• Saturday, May 18, 2024
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New Zealand cracks down on work visas with 5 key changes, effective immediately

New Zealand cracks down on work visas with 5 key changes, effective immediately

Erica Stanford New Zealand’s Immigration Minister has swiftly modified the Accredited Employer Worker Visa (AEWV) scheme to match economic demands and prevent migrant exploitation.

“Getting our immigration settings right is critical to this Government’s plan to rebuild the economy,” she said.

“The Government is focused on attracting and retaining the highly skilled migrants such as secondary teachers, where there is a skill shortage. At the same time we need to ensure that New Zealanders are put to the front of the line for jobs where there are no skills shortages,” Erica added.

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Migration statistics highlighted the importance of these changes in 2023, as almost 173,000 non-New Zealand citizens arrived in the country, approaching a historical peak.

The proposed adjustments aim to improve the AEWV scheme by more effectively evaluating the local labor market and reducing the displacement of New Zealand workers.

Stanford clarified that many of these changes are not new, but rather a return to pre-pandemic standards that balance business requirements with national interests.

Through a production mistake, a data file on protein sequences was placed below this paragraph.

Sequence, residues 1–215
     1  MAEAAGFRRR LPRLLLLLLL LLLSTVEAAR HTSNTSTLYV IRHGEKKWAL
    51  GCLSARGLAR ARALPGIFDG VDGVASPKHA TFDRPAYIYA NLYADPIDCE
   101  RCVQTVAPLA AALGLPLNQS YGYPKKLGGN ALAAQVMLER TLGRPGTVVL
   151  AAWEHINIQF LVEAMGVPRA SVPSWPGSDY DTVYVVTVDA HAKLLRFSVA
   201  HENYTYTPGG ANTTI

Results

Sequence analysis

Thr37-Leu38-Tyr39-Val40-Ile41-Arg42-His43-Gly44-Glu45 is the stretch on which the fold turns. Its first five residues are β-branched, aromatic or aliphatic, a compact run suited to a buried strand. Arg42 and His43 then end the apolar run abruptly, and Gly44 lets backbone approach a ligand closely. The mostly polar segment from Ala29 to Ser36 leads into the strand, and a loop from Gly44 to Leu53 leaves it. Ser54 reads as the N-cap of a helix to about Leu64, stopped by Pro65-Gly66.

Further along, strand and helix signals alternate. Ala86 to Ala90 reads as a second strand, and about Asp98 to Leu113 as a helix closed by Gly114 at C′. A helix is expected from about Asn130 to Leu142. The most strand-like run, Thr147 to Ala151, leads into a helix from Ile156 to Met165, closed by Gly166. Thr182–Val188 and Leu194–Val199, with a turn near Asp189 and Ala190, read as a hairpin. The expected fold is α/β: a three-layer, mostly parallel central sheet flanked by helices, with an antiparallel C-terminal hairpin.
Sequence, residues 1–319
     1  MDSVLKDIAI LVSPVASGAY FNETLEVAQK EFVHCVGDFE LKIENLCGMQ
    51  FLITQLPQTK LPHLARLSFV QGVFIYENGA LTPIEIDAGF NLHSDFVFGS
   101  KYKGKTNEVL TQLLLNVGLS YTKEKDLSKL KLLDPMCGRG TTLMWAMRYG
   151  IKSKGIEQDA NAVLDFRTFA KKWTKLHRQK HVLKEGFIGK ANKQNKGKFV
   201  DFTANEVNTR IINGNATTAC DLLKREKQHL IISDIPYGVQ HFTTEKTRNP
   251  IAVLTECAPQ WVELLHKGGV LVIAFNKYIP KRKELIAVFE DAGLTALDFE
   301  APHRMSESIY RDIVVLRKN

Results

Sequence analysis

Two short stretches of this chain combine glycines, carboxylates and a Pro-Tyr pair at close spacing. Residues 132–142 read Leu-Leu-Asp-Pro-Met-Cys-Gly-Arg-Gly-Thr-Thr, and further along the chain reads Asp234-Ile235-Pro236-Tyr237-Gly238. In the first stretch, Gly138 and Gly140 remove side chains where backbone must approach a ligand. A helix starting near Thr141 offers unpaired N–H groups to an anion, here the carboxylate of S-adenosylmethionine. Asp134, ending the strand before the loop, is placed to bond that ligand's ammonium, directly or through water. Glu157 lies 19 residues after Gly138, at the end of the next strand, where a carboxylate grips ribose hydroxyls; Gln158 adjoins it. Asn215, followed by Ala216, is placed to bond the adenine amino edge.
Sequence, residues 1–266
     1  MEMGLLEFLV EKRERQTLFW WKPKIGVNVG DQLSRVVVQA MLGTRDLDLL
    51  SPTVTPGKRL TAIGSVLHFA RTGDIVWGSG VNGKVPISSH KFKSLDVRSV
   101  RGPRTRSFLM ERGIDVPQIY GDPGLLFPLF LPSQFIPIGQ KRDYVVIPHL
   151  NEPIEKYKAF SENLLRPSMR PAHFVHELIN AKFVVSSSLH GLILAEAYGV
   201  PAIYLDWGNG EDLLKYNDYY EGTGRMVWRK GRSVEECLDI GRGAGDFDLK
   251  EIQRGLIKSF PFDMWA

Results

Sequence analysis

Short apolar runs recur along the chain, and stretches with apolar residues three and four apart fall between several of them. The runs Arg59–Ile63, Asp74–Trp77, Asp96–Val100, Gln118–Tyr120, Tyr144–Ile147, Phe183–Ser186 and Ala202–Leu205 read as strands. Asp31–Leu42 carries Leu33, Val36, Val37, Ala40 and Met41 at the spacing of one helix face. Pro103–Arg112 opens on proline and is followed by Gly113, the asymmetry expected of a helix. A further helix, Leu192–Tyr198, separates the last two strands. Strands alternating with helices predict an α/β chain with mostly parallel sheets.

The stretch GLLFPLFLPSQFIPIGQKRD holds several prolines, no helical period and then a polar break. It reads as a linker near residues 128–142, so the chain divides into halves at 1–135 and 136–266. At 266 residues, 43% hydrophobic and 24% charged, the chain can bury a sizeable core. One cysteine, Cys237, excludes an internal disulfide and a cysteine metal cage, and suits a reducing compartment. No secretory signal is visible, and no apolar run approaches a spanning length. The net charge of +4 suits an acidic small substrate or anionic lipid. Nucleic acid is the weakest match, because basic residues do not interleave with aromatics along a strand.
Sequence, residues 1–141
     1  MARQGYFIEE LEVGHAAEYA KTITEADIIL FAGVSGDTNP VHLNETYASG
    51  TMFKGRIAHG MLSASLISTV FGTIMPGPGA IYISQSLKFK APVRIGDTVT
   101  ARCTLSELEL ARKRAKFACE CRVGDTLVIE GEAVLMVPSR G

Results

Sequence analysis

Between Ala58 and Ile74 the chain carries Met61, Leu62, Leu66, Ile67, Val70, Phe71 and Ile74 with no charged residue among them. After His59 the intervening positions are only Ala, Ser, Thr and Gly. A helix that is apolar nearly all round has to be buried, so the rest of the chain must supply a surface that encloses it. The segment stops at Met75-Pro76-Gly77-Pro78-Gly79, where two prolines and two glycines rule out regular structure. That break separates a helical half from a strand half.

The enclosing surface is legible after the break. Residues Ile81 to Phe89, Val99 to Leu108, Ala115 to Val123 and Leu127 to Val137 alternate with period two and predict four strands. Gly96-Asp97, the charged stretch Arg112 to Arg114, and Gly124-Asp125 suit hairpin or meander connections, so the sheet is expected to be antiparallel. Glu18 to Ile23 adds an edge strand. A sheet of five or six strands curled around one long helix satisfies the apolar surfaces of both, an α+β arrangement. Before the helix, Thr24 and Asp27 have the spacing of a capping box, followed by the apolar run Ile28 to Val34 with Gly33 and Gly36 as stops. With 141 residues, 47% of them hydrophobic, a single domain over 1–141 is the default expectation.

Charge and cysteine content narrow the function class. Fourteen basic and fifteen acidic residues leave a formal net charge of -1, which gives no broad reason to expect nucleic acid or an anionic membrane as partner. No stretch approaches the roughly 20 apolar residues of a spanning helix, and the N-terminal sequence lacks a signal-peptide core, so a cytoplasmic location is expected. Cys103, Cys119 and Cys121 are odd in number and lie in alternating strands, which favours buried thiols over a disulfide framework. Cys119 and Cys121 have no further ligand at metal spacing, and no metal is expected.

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“I am bringing in a suite of changes that will improve the AEWV scheme and ensure we are better testing the local labour market and reducing the risks of putting New Zealanders out of work. Many of these are not new, but rather a return to pre-pandemic settings that better balanced the needs of business with the wider interests of New Zealand,” she said.

5 Key changes include

  • The introduction of English language requirements for migrants applying for low-skilled roles at levels 4 and 5
  • A minimum skills and work experience criteria
  • Employers seeking to fill level 4 and 5 positions must engage with Work and Income before migrant approvals
  • The maximum continuous stay for such roles will be reduced from 5 to 3 years
  • The franchisee accreditation category will also be disbanded, and businesses will need to follow standard, high-volume, or triangular employment accreditation processes to hire overseas workers.

These modifications seek to strengthen the scheme’s integrity and combat migrant exploitation, aligning with recommendations from the recent Bestwick review, which identified systemic issues within AEWV procedures.

“By having an English language requirement migrants will be better able to understand their rights or raise concerns about an employer early,” Stanford explained.

Furthermore, the government has postponed plans to include 11 occupations, including welders and fitters, on the Green List. The Work to Residence pathway for bus and truck drivers will also no longer accept new applicants, reflecting resolved shortages in the field.

Stanford presented these adjustments as the first stages of a comprehensive plan to streamline the immigration system, focusing on managing net migration, attracting talent, ensuring sustainable funding, and enhancing risk management.